Thursday, January 06, 2011

Domestic enemies of the Constitution

Yesterday’s New York Times’s editorial page included a screed mocking the Republican takeover of the House of Representatives.

The extremely self-revelatory rant against the reading of the U.S. Constitution on the floor of the House of Representatives and the requirement that every bill cite Constitutional authority is what really set me off:

In any case, it is a presumptuous and self-righteous act, suggesting that they alone understand the true meaning of a text that the founders wisely left open to generations of reinterpretation. Certainly the Republican leadership is not trying to suggest that African-Americans still be counted as three-fifths of a person.

There is a similar air of vacuous fundamentalism in requiring that every bill cite the Constitutional power given to Congress to enact it.

In particular, calling the U.S. Constitution “a text that the founders wisely left open to generations of reinterpretation” reflects a childish desire to twist a parent’s words to mean whatever the child wants them to mean.

No, the founders didn’t “wisely” give us a document we could distort to suit our whims or lust for power. They wrote in clear, understandable language to be read and comprehended by the average citizen. It means what it says, not what The New York Times editorial board would like it to mean.

And the sophomoric attempt to play the race card is particularly egregious and irrelevant. Article 1, Section 2, Paragraph 3 of the Constitution, written in 1787, states:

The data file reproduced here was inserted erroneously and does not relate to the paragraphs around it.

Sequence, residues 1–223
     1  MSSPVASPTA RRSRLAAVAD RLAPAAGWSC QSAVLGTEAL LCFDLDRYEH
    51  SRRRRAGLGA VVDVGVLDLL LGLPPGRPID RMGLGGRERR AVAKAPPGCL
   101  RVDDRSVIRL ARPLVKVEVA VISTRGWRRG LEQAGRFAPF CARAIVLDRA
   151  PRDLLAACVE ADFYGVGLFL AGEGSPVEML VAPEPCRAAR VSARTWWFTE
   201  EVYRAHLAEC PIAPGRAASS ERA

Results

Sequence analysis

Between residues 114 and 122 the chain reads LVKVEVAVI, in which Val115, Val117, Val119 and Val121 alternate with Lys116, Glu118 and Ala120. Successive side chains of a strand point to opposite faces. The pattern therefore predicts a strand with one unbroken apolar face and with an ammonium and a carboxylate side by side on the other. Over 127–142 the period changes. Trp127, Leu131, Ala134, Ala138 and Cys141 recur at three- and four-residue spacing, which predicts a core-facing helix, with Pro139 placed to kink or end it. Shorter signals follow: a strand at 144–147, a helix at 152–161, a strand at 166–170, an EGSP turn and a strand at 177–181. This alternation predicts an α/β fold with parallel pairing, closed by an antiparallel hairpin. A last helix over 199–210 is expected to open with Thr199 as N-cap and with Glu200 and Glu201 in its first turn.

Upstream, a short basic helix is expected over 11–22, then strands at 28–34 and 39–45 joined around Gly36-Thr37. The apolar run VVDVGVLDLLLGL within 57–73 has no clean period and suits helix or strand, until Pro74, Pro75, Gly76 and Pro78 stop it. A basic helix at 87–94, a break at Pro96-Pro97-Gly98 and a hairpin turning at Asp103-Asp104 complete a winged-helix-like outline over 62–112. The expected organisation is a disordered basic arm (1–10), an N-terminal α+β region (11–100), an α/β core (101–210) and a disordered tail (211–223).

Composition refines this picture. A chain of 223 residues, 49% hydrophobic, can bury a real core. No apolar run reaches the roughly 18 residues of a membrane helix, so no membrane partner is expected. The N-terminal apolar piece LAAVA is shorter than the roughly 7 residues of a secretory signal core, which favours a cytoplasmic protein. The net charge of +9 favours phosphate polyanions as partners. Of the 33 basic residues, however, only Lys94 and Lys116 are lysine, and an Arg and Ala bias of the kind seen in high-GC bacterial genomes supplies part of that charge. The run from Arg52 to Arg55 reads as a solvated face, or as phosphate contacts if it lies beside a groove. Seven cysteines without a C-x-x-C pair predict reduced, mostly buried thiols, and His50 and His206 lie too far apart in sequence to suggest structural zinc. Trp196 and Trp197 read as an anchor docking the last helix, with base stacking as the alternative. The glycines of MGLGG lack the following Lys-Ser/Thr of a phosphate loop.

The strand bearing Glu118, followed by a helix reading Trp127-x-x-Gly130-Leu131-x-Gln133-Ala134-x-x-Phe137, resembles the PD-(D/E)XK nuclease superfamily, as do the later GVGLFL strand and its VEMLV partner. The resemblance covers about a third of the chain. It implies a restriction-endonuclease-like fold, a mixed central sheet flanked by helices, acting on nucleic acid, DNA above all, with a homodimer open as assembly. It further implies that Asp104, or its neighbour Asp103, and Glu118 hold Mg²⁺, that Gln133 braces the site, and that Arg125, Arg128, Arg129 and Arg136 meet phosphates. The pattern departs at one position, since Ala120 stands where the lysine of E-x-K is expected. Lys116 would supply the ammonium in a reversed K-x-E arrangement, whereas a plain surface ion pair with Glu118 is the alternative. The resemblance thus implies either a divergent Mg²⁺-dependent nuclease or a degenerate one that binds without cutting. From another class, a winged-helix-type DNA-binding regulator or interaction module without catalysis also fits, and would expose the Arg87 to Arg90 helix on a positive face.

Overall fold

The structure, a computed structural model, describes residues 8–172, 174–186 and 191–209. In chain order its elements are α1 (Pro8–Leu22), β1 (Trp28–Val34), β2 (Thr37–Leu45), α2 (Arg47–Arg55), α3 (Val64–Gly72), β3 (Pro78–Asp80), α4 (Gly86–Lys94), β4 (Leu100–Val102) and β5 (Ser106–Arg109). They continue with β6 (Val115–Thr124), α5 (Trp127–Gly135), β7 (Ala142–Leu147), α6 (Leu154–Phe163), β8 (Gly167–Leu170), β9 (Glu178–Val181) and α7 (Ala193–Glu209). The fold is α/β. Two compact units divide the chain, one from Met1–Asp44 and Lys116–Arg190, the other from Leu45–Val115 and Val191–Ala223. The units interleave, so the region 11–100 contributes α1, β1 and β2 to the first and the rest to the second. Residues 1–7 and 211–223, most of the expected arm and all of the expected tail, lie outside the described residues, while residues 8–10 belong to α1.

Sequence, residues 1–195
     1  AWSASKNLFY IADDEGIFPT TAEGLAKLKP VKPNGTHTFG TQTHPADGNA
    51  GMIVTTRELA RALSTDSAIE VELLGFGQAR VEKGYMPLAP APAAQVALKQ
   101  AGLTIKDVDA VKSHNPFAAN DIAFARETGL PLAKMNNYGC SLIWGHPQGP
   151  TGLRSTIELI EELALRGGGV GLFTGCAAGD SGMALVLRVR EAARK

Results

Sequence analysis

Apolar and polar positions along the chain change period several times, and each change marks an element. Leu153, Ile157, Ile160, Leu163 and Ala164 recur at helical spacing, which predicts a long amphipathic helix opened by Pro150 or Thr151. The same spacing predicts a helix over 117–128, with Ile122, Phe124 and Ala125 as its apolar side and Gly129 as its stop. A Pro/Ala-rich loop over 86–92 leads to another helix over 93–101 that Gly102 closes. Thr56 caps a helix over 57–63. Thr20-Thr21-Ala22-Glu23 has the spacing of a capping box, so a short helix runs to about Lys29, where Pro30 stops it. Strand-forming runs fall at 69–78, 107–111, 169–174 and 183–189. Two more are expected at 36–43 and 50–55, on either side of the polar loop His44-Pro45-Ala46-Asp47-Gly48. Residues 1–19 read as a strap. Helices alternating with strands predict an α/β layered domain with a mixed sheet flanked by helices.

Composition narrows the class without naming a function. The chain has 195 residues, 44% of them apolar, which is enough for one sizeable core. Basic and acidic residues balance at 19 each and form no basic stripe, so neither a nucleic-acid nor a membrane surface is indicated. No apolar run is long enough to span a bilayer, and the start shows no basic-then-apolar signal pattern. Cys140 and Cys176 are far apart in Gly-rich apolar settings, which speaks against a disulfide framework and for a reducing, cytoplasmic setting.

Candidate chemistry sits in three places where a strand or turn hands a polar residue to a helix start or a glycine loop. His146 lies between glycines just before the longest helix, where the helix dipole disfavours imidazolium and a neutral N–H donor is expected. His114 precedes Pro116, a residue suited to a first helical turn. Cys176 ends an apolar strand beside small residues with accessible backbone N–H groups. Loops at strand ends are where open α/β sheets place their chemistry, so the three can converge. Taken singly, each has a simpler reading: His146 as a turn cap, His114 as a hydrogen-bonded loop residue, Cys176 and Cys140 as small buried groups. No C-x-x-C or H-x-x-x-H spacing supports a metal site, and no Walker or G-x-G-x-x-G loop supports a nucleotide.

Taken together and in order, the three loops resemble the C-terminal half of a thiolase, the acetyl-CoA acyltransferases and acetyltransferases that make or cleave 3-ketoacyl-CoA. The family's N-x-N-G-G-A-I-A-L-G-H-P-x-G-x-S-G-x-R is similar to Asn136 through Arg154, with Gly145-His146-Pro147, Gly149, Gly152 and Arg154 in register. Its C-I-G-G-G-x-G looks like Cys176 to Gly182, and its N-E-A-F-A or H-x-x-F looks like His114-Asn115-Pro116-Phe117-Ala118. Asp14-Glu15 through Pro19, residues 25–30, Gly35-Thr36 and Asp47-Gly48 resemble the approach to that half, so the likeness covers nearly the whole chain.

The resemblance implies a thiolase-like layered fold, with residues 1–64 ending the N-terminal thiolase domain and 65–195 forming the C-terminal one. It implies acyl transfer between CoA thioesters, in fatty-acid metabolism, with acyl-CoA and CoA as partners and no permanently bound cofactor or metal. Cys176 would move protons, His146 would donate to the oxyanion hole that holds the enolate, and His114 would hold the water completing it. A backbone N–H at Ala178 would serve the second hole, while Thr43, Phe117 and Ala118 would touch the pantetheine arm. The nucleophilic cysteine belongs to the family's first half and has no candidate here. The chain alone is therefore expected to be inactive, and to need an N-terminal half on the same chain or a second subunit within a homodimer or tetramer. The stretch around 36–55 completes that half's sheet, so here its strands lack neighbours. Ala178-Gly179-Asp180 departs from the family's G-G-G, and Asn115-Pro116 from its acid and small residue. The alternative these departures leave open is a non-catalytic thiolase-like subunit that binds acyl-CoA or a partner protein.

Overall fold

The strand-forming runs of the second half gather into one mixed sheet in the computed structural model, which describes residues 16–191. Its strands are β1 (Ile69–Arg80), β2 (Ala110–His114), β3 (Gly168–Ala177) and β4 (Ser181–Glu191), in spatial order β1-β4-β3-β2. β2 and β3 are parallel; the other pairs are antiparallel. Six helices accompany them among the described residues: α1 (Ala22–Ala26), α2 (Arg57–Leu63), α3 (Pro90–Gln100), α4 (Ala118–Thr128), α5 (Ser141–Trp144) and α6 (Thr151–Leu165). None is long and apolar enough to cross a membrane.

Representatives and direct Taxes shall be apportioned among the several States which may be included within this Union, according to their respective Numbers, which shall be determined by adding to the whole Number of free Persons, including those bound to Service for a Term of Years, and excluding Indians not taxed, three fifths of all other Persons.

No one, especially the Party of Abraham Lincoln, thinks the three-fifths provision still pertains. The New York Times editorial board would have us believe Lincoln’s Emancipation Proclamation and the subsequent 13th Amendment never occurred. The 13th Amendment abolished slavery and rendered the three-fifths provision moot. It will also be read in the House, along with all of the other amendments.

But the most telling phrase is “vacuous fundamentalism.”

It’s clear that the NYT thinks the U.S. Constitution – the document presidents, Congressmen and soldiers swear to defend against all enemies, foreign or domestic – is an inconvenient, irrelevant annoyance.

To my way of thinking, that makes The New York Times and those who share their belief in a post-Constitutional America, domestic enemies of the Constitution.

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